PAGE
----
Is TARP criminal?

Donald Luskin asks “Is TARP a criminal enterprise?” and goes on to describe a number of dubious details such as:

…it was disclosed that “nearly 20 preliminary and full criminal investigations” are underway, including “large corporate and securities fraud matters affecting TARP investments, tax matters, insider trading, public corruption, and mortgage-modification fraud.”

…Perhaps this refers to the controversy that surfaced last January when it was said that Barney Frank (D., Mass.), the powerful head of the House Financial Services Committee, intervened to get TARP funding for a favored constituent, Boston’s OneUnited Bank.

…It’s easy to guess that Barofsky is looking into the possibility that Treasury Secretary Henry Paulson coerced the CEOs of the nine largest banks to accept capital investments from TARP, even though several of them didn’t want the government as a stakeholder.

…Cuomo writes that according to a deposition by CEO Lewis, “Bank of America did not disclose Merrill Lynch’s devastating losses . . . and would have done so but for the intervention of the Treasury Department and the Federal Reserve.”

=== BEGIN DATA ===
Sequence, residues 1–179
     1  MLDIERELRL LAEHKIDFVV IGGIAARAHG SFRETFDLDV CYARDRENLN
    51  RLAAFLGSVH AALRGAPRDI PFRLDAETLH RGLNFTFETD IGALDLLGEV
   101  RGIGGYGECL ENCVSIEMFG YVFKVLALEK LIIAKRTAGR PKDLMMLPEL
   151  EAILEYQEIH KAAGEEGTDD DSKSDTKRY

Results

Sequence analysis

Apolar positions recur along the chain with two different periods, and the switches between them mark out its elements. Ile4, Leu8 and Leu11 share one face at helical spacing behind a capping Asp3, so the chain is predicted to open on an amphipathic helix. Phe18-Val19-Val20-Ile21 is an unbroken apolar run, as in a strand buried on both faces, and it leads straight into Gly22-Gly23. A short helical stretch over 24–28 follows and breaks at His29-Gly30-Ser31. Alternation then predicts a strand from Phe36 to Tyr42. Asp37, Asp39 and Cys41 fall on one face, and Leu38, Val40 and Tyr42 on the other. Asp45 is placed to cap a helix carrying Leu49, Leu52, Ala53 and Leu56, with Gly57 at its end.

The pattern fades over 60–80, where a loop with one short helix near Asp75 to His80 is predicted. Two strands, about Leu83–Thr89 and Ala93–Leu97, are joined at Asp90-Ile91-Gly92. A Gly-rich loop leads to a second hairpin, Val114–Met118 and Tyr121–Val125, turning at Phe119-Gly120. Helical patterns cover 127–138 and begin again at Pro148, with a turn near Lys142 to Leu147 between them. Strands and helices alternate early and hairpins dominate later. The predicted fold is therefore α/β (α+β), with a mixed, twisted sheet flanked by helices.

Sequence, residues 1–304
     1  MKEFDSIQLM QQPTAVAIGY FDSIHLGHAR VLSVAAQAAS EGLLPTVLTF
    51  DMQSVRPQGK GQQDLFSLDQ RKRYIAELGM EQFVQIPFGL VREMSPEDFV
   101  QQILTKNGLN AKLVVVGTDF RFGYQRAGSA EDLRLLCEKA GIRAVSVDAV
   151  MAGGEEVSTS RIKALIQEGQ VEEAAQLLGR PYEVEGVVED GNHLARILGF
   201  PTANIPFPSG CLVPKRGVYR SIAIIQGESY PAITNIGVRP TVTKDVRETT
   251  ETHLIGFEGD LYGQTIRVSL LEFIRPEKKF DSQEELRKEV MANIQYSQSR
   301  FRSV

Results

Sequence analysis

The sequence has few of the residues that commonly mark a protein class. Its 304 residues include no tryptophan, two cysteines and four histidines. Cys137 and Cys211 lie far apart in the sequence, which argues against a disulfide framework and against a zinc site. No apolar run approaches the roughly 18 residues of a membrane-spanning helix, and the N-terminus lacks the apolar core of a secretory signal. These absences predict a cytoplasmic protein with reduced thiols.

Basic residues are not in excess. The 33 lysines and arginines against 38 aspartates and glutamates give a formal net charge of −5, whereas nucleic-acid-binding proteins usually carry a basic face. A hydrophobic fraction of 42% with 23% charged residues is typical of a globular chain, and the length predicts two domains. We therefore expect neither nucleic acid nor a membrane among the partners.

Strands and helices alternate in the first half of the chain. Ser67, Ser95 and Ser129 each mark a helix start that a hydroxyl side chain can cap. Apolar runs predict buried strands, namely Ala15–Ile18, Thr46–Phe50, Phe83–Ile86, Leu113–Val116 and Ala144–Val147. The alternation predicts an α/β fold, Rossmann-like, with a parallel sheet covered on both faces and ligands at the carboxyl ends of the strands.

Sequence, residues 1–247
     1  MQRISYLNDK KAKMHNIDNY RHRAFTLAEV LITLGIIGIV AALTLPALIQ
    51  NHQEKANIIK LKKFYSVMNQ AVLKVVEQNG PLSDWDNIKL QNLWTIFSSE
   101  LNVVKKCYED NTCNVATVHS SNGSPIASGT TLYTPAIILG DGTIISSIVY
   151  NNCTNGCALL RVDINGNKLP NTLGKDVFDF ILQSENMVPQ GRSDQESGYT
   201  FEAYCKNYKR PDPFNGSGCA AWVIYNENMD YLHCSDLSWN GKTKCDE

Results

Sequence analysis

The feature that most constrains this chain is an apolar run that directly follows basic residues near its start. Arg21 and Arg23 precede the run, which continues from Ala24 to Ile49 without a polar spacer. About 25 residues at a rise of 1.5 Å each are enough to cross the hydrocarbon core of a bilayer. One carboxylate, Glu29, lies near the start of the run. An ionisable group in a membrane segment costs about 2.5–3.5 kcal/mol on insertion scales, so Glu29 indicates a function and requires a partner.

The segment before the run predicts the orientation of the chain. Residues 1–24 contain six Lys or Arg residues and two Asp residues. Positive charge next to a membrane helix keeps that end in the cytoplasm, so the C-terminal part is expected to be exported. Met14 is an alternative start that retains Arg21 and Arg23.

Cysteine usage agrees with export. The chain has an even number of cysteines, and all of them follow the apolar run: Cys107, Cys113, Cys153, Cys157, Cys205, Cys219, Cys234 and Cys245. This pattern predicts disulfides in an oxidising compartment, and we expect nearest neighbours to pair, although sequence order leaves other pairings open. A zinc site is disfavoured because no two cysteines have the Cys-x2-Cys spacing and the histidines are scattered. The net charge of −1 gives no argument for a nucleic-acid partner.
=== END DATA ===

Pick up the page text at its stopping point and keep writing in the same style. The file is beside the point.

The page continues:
But the important question to ask is not “Is TARP (or any other particular program) a criminal enterprise?”. The important question is “Could it have been otherwise?” The government is nothing more than an organization of people. A private organization does not have the authority to confiscate people’s property and use it for its own purposes, whatever those purposes may be. Neither does a government. The proper term for such confiscated property is loot. Is there a non-criminal way to acquire or distribute loot? I think not.

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